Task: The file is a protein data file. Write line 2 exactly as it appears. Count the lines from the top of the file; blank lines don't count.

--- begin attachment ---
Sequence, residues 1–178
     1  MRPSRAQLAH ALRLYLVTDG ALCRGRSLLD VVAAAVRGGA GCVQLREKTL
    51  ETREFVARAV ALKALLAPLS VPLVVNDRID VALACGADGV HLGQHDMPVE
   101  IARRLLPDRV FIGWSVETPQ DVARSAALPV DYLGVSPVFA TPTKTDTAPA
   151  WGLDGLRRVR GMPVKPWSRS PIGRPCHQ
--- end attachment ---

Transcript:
     1  MRPSRAQLAH ALRLYLVTDG ALCRGRSLLD VVAAAVRGGA GCVQLREKTL